Jeweller and silversmith Gianmaria Buccellati, who created the striking silver wolf that features in the Importante Orfèvrerie Européenne, Boîtes en Or et Objets de Vitrine sale (12 April, Paris), invented a brand new technique to achieve the animal’s lifelike appearance.
The naturalistic rendering of the wolf’s fur was created using a special process which involved each hair being individually soldered.
Known as ‘lavorazione a pelo’ or ‘hair-like workmanship’, the technique saw countless silver filaments of varying length and thickness being welded to give the actual appearance of the natural coat to capture fine details such as hair, feathers and different types of skin.
GIANMARIA BUCCELLATI, AN ALMOST LIFE-SIZE SILVER WOLF, MILAN, CIRCA 1970. ESTIMATE €10,000-15,000.
The wolf, which is almost life-size, was created in Milan circa 1970 and is just one of the house’s silver animals which became a signature of the brand.
A collection of around twenty of these animals is gathered in a room named after their creator in the Huntsville Museum in Alabama. Buccellati: A Silver Menagerie is the world’s largest public collection of these works and includes a four-foot tall flamingo, a reclining giraffe and a family of deer.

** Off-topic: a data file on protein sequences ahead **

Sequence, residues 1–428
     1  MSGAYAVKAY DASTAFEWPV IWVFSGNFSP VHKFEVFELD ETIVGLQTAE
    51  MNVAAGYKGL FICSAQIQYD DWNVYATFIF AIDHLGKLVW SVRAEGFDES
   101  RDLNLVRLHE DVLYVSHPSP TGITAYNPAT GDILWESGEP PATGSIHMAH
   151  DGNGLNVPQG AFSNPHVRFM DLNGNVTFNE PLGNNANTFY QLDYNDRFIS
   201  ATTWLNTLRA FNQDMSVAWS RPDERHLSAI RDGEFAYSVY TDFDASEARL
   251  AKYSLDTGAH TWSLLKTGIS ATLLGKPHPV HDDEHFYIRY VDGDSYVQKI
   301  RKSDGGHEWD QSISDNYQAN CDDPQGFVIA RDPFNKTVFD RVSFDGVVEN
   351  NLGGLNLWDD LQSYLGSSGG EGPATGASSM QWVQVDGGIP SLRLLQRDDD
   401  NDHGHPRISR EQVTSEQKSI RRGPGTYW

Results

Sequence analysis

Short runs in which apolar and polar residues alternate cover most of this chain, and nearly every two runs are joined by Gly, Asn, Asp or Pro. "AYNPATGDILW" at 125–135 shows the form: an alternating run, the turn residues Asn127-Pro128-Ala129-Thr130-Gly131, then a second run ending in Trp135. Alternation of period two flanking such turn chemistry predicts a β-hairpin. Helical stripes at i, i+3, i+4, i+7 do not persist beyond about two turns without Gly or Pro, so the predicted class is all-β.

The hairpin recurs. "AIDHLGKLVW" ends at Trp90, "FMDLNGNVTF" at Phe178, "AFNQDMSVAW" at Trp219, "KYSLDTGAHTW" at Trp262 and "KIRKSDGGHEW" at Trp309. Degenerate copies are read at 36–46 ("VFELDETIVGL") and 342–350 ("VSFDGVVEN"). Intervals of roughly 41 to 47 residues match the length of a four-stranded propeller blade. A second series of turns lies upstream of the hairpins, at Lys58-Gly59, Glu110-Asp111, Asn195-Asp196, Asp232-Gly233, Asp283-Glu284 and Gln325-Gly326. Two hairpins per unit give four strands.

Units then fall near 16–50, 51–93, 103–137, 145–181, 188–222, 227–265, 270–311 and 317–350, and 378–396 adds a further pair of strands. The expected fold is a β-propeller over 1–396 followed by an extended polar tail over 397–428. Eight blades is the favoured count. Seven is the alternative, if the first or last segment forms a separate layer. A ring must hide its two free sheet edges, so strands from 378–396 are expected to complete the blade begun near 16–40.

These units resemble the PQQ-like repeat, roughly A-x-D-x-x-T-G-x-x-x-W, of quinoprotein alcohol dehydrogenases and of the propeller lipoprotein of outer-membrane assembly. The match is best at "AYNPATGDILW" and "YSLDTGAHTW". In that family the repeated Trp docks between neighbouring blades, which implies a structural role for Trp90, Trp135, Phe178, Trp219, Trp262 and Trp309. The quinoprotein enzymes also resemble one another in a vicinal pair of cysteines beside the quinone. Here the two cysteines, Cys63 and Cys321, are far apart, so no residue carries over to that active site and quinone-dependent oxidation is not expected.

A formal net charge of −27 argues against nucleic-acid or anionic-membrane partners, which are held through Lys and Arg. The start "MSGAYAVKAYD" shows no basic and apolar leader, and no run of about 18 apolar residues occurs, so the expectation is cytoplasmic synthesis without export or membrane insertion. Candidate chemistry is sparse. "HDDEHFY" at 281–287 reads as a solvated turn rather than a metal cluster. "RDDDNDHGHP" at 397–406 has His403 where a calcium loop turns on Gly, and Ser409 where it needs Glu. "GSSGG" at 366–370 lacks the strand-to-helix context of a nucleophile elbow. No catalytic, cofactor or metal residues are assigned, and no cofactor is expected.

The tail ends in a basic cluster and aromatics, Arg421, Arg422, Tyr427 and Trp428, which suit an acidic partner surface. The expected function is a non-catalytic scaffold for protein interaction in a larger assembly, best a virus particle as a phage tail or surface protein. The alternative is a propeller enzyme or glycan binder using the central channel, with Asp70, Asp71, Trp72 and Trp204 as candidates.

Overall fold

The house of Buccellati was founded in Italy in 1919 by Gianmaria’s father Mario, who opened a store in Milan. However, it was his son’s vision that brought the company to global prominence and he went on to open stories in destinations around the world including London, Paris, Moscow, Toyko, Sydney and Beverly Hills.
GIANMARIA BUCCELLATI, GIRAFFE, 1994. COLLECTION OF THE HUNTSVILLE MUSEUM OF ART, GIFT OF BETTY GRISHAM.
The brand’s distinctive style, which combines Renaissance period techniques, luxury materials and the extensive use of texture engraving won international clientele including the Vatican as well as the Royal Houses of Italy, Spain, Belgium, England and Egypt.
Gianmaria carried on as Honorary President of the company until his death in 2015.